I can appreciate trees. Their size, their strength, their beauty – and I appreciate them even more when they’re uprooted and horizontal in the woods. They are much easier to ride after they’ve been downed by strong winds.
The next time you find a nice tree-ride, give that tree a hug for providing you with some fun.
Yesterday it rained, snowed, and sleeted so everything is encased in a thin layer of frozen slush. The next couple of days are supposed to bring more of the same so I figured that I’d get in some form of riding.
It was 26º F and pitch black out, but my new lights and multiple layers of lycra, thermal underwear, and Gore Tex, were doing the job. I only did 10 miles on gravel path but it was worth the potential frost bite to get out on the bike.
A fox ran across the path about 10 yards in front of me. There was also a pack of giant Yeti running through the woods. It could have been that the frozen leaves made some deer sound really big, but when you’re riding alone in the woods at night they might as well have been giant Yeti. Besides, my bike lights caught their beady eyes peering from the trees. They were Yeti – and not the cool blue kind from Colorado.
Warren and I went for a ride at Bear Creek. They do a lot of work building and maintaining mountain bike trails there, so if you get the chance, check it out. Be sure to pick up the free trail pass from the hotel.
The climbing was especially strenuous for some reason. It must have been our fast-paced hammering up the technical rocky, rooty, steep single track. Or we’re out of shape.
Toward the end of the ride we were heading back to the parking lot and took a trail that I haven’t taken before. A few inches off of the trail we noticed some caves. Knowing how great SPD shoes are for spelunking, we started to explore.
One cave only went about 30 feet down, and 50 feet deep. It was about 30 degrees colder inside. There was a log lodged near the ceiling where small, bioluminescent squirmle-like creatures were hanging.
The other cave was probably about 75-80 feet down from the top. It was too dark and far to see, but when we tossed some rocks, it sounded like there was a deep pool of water at the bottom. We were surprised that there weren’t any barriers or signs around the caves (yet). On the trails, there are 8 1/2″ x 11,” neon green, laminated signs warning of bridges – probably the flatest, grippiest, safest surfaces on the mountain – but nothing around these 80+ feet deep, loose-rocked, squirmle-filled, pits next to the trail.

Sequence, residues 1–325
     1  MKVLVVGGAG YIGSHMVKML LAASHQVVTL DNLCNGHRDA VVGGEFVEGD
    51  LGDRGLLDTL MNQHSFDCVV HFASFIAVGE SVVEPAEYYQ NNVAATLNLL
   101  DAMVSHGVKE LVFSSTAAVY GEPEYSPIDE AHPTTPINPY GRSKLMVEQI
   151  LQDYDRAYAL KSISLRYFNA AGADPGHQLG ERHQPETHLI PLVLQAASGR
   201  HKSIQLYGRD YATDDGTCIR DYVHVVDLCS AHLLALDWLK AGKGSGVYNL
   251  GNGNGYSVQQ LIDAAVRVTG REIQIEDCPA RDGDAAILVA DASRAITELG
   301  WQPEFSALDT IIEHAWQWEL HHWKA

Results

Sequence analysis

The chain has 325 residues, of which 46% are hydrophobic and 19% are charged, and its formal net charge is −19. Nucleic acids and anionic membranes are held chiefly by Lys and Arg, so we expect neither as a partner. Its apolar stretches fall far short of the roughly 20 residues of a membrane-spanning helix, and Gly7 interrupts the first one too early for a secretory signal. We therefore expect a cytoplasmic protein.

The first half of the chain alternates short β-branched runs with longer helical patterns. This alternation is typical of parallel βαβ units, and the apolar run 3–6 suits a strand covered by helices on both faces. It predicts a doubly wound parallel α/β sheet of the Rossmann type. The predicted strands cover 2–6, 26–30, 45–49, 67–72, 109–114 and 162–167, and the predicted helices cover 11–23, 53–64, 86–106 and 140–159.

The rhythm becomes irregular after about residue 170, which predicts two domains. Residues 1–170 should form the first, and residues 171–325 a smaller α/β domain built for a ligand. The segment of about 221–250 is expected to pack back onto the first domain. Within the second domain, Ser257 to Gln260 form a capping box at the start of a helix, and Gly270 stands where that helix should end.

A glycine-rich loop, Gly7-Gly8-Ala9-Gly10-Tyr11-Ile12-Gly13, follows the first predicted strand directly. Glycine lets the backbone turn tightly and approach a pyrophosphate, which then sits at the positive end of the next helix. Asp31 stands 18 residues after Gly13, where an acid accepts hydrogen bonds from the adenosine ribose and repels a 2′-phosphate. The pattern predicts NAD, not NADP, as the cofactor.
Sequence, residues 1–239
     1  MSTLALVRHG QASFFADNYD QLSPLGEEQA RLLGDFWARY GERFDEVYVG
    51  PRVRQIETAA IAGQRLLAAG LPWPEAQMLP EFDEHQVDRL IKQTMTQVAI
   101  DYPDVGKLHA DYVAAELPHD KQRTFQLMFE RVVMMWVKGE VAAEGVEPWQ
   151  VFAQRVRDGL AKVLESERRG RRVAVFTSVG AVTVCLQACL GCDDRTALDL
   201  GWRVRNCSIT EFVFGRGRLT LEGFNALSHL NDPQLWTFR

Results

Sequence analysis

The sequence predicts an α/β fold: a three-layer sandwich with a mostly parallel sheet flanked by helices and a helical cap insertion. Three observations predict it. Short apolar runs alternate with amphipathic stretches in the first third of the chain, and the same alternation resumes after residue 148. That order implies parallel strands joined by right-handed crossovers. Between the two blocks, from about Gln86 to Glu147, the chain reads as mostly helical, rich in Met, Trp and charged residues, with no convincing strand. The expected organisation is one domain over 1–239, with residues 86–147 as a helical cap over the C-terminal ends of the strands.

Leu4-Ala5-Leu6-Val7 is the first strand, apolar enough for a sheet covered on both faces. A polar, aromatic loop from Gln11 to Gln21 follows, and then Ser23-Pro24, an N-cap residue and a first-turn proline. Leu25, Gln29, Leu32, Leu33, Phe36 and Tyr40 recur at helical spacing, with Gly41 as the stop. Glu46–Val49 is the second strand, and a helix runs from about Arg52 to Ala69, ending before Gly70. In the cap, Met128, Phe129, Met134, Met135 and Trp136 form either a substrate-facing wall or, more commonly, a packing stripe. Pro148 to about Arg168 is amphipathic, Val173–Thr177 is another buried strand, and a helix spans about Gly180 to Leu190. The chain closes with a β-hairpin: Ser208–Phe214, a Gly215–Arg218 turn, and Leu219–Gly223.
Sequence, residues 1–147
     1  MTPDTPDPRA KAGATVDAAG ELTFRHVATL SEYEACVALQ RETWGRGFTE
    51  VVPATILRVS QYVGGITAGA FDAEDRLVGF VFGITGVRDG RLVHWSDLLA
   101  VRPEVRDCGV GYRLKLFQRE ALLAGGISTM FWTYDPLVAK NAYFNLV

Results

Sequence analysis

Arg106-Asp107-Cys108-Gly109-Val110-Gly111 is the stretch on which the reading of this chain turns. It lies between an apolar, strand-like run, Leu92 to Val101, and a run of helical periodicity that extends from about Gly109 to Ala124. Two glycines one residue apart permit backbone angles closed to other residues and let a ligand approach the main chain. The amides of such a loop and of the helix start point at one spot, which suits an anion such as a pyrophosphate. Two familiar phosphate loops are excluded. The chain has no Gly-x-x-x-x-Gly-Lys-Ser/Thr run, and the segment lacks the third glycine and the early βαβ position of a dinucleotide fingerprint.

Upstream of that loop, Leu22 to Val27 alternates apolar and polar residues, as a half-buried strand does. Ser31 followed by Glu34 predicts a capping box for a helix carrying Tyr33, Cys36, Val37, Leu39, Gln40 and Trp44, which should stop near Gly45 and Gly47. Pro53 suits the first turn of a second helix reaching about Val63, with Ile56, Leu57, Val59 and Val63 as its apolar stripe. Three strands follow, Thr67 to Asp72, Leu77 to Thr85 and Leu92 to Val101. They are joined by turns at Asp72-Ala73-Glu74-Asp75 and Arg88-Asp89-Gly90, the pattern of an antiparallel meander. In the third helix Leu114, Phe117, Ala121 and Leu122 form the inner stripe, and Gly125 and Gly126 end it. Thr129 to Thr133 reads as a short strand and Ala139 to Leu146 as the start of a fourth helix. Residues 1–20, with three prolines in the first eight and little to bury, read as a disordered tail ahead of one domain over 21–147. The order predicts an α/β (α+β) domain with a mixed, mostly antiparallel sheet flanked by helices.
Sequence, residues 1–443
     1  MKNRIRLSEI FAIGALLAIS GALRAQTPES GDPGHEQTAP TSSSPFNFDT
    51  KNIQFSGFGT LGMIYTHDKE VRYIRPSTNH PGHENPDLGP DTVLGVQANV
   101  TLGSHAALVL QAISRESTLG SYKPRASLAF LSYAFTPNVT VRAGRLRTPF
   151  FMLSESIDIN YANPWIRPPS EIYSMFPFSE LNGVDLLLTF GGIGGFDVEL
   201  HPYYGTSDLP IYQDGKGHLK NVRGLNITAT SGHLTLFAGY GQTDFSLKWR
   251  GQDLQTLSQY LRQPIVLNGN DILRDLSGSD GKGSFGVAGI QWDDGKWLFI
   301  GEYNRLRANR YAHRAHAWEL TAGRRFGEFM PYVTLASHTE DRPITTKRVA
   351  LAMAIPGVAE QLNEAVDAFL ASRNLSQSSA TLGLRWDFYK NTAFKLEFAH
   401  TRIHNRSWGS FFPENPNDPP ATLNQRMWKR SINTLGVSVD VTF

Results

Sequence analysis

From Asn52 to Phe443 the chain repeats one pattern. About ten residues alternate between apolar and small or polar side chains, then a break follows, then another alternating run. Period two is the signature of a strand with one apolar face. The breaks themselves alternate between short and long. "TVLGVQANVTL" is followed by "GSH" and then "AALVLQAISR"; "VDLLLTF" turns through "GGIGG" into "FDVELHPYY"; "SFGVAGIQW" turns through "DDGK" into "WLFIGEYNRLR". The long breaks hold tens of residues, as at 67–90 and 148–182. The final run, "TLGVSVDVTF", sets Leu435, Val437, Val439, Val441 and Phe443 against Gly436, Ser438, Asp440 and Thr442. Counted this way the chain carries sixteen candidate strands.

It was a great day of riding and cave exploration.
Sometimes it’s quality, not quantity, that can make a ride great. My “BMX friends,” Warren and Chad, are always fun to ride with. Even if we don’t do an all-day 30 mile ride, we still have tons of fun – without the post-ride cramping.
Here are some highlights:
As we started toward the trails on Spring Mountain a red tail hawk was taking off with a rat in its talons.
Chad was kind enough to be the boulder-jumpin’ guinea pig as he showed us some new trails and stuff to jump off of.
Chad was also kind enough to bring a bag of carrots on the ride. Not for us, but for Avie (Avalanche), the goat that lives at the top of Spring Mt.
I bailed after a rock drop and sent one of my shoes floundering into the woods.
There’s a decent jump-to-flat at the bottom of the mountain to play on. We battled each other going for the longest distance.
Even at almost 43 years-old I’m still innovating jump variations. I pulled a perfect one-shoe-er when my foot pulled out of my shoe which was still clipped into my Crank Brothers Mallet C pedal. Extreme.
Warren went for a big boost over my bike seat and rode a killer nose wheelie to g-turn. His bike should be out of the shop soon.
Props to Noah and the guys who have been maintaining trails at Spring Mt. Good stuff.